Medical schools fund medical education in different ways. Some medical schools are part of academic health centers with multiple missions and many sources of revenue. Other medical schools have a single mission (education) and fewer, perhaps only one, source of revenue.
The traditional allopathic medical school in the United States balances the missions of medical student and resident education, research, and patient care. Each mission requires funding, which is derived from various sources, none of which cover the total bill. The tuition paid by medical students generally does not cover the full cost of their education. The federal government provides funding for the majority of but not all residency positions. And research grants support about 70% of the research costs. Some medical schools make up part of the difference with money received from their state, but that funding has generally decreased over the last five to ten years. Fundraising initiatives and endowments fill in a bit more of the pie.
This funding model carries the advantage of diversification: having several funding streams provides peace of mind that at any given time, there will be a healthy pipeline to support medical education, despite ebbs and flows in any one stream’s health. This model also theoretically relieves tuition pressure from students, giving some schools the ability to provide essentially subsidized medical student education in the form of lower tuition.
But what if those funding streams are running dry? Traditional US allopathic medical schools have seen decreases in state funding (if it was available at all), and research funding has tightened and become more difficult to secure. At the same time, funding for residency programs has remained stagnant, despite calls from an alphabet soup of advocacy groups and industry organizations to increase it. And no surprise, fundraising initiatives and endowments have dropped during the recent economic depression.
Over the years the critical role of patient care in the funding of medical education has increased. How these dollars derived from patient care flow into medical education depends on the level of integration between the medical school and the clinical operation. If the clinical operation is part of the medical school, revenue is directly captured. If the medical school and the clinical operation are tightly affiliated, there may be a Dean’s tax or support payment from the clinical entity to the medical school. This can be quite complicated, but in its simplest form, in most medical schools that have multiple missions, education and research cost more than they generate. Clinical operations—put simply: patients—is designed to fill most of the remaining gap. No margin, no mission, or so the saying goes. Yet even clinical revenue—long the giant slice of the pie—has been challenged with decreasing reimbursements and changes in the payer-mix in many locations.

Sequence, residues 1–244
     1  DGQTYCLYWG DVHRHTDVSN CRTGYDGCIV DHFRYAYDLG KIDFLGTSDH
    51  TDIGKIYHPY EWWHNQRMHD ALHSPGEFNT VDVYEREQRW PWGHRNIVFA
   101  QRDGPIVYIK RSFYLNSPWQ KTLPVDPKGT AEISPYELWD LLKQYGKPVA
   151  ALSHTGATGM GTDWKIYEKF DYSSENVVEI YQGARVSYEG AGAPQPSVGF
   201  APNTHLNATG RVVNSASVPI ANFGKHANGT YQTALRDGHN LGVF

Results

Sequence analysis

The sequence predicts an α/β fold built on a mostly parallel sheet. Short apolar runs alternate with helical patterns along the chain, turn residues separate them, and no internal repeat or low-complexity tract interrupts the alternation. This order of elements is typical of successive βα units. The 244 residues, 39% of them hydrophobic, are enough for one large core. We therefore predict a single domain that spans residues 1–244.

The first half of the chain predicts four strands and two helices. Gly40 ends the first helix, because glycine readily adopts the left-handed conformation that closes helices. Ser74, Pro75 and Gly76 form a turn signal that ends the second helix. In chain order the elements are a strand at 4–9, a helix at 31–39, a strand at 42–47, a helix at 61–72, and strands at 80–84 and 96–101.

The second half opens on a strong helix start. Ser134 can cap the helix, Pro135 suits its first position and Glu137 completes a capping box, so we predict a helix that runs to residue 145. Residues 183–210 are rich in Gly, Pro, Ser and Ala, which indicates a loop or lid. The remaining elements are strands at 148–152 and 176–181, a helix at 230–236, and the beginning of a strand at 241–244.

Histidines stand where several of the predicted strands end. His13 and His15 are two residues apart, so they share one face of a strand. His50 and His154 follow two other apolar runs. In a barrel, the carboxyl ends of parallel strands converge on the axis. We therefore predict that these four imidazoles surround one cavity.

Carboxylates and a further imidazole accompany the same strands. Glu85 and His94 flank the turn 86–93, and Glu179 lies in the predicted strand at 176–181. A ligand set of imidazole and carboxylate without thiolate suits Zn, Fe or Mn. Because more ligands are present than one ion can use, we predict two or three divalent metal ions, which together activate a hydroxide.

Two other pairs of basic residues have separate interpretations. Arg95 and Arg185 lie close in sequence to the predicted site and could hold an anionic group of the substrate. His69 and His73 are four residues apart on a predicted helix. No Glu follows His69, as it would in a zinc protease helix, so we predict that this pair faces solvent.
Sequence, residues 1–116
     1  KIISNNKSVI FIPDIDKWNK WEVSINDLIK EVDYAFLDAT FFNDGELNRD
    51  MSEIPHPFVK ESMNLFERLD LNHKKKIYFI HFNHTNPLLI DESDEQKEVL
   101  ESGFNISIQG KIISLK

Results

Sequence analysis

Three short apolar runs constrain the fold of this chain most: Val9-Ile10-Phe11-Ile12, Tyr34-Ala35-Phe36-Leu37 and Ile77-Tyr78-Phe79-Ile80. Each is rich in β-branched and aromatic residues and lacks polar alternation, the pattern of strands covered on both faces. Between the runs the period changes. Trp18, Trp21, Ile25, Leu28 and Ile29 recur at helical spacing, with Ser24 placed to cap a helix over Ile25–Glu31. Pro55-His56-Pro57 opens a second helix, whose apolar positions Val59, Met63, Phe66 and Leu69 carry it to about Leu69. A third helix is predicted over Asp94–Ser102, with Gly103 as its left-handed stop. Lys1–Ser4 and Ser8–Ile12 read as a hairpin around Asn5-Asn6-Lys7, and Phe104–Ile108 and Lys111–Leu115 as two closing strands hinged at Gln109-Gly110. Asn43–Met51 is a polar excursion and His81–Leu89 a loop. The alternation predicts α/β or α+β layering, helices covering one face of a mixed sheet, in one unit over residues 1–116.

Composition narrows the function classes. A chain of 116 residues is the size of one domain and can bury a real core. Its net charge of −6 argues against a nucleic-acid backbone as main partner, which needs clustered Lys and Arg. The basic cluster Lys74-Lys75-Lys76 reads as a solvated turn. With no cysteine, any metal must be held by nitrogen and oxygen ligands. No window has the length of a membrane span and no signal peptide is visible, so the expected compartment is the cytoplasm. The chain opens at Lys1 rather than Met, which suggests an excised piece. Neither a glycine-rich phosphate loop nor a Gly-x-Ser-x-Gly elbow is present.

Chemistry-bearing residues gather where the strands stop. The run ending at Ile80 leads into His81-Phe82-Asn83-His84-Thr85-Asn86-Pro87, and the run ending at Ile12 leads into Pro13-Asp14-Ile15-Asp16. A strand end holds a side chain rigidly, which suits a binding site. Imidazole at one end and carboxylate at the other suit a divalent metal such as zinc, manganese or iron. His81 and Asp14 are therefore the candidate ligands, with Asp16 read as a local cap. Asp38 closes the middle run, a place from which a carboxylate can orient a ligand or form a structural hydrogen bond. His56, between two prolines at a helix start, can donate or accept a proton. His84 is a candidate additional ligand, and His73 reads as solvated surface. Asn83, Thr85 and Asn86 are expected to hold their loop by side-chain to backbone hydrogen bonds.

So now what’s filling in the rest of the pie? At most schools, tuition increases. According to AAMC, the median first-year cost of tuition and fees for in-state students at US public medical schools nearly tripled between 2000 and 2012; for in-state students at private US schools, the median cost for tuition and student fees has grown from about $28,000 in 2000 to over $48,000 in 2012. This trend is quite concerning. We can lay it at the feet of the economy and point our fingers at the government, but I think we have to consider looking at the traditional allopathic school model. What looked like diversification in healthier economic times now appears to be a dangerous interdependency, the worst case scenario of which is patients bear the brunt for educating tomorrow’s physicians. Is this sustainable?
There is another model, less commonly employed, and full disclosure: American University of the Caribbean School of Medicine uses this model. This is the model predominantly used by private sector medical schools like ours: a single mission of education. At AUC there is one major source of revenue, student tuition, which at a non-subsidized level covers the cost of medical education while remaining in line with what students would expect to pay to attend private or out-of-state U.S. schools.
The advantages of this model are simplicity and sustainability. At AUC we can easily determine the cost of educating a medical student because all costs are devoted to medical student education. There are no margin/mission debates. There are no overlapping missions—“Am I being paid to treat this patient or teach these students?”—and therefore no challenges in deciding how to allot costs. Understanding the actual cost of educating a medical student is of critical importance in developing a working financial model. Just as important: our faculty are 100% certain of what they are on our campus to do: educate students.
In our model, student tuition covers the cost of their education. The model remains sustainable until the costs of medical education are so high that students cannot pay them. Because we understand the actual cost of medical education, we have great insight to determine how to look at lowering the costs of that education.
Although non-subsidized tuition is theoretically higher than subsidized tuition, it is important to consider who should actually bear the cost of a medical education. In a subsidized model, like that employed by traditional U.S. allopathic medical school, taxpayers and patients bear the additional cost. In our model—in which the cost of medical education is not subsidized by patient care or state funding—the student bears the cost. Our job—our responsibility to each student—is to deliver a medical education that is worth their burden. I believe there is a great benefit to them and to us in that being our only job: the teaching and mentoring of medical students.
Dr. Heidi Chumley
Posted March 20, 2014 02:14 PM